|Meydani, Simin N.|
|Wu, Dayong S.|
Submitted to: Aging and Disease
Publication Type: Review Article
Publication Acceptance Date: 9/25/2011
Publication Date: 2/1/2012
Citation: Pae, M., Meydani, S., Wu, D. 2012. The role of nutrition in enhancing immunity in aging. Aging and Disease. 3:91-129. Interpretive Summary:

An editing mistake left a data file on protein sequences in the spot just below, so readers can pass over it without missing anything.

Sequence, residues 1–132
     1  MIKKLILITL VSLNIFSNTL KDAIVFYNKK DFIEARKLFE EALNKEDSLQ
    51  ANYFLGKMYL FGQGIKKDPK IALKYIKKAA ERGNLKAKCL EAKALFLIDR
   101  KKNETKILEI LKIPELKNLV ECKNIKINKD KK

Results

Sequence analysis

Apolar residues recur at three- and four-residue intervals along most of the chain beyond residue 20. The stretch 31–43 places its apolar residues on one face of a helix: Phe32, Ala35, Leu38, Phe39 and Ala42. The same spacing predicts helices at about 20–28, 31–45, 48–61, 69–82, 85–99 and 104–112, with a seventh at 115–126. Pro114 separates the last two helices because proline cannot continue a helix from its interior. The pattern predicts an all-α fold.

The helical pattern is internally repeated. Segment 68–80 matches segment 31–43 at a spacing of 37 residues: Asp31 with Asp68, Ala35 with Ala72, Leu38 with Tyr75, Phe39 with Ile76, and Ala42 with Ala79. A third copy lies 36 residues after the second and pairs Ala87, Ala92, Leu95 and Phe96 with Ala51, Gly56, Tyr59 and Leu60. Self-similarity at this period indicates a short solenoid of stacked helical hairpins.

Technical Abstract: Aging is associated with declined immunity, particularly T cell-mediated activity, which contributes to increased morbidity and mortality from infectious disease and cancer in the elderly. Studies have shown that nutritional intervention may be a promising approach to reversing impaired immune functions and diminished resistance to infection with aging. However, controversy exists concerning every nutritional regimen experimented on to date. In this article we will review the progress of research in this field with by focusing on a few representative nutrition factors for which information in the literature is relatively abundant. While vitamin E deficiency is rare, its increased intake at above recommended levels can enhance T cell function in aged animals and humans. This effect is believed to contribute toward increased resistance to influenza infection in animals and reduced incidence of upper respiratory infection in the elderly. Zinc deficiency, common in the elderly, is linked to the impaired immune function and increased risk for acquiring infection, which can be rectified by zinc supplementation. However, higher than recommended upper limits of zinc may adversely affect immune function. Probiotics are increasingly being recognized as an effective immune-modulating nutrition factor. However, their effect is strain specific and requires an adequate supplementation period. A synergestic effect is also observed when more than one strain is used. Fish oil or n-3 PUFA have shown beneficial effects in inflammatory and autoimmune disorders as well as several age-related diseases. However, animal and human studies have shown a suppressive effect of fish oils on T cell mediated function, raising concern regarding their impact on resistance to infection. Caloric restriction (CR) is shown to delay immunosenescence in animals, and this effect in humans needs to be verified. Timing for CR initiation may be important to determine whether CR is effective and even, beneficial at all. Recent studies have suggested that CR, while effective in improving the immune response of unchallenged animals, might compromise the host's defense against pathogenic infection resulting in higher morbidity and mortality. The studies published thus far describe a critical role for nutrition in maintenance of the immune response in the aged, but they also indicate the need for a more in-depth and wholistic approach to determining the optimal nutritional strategies that would extend the span of a healthy functioning immune system in the aged and their resistance to infection and other immune-related diseases.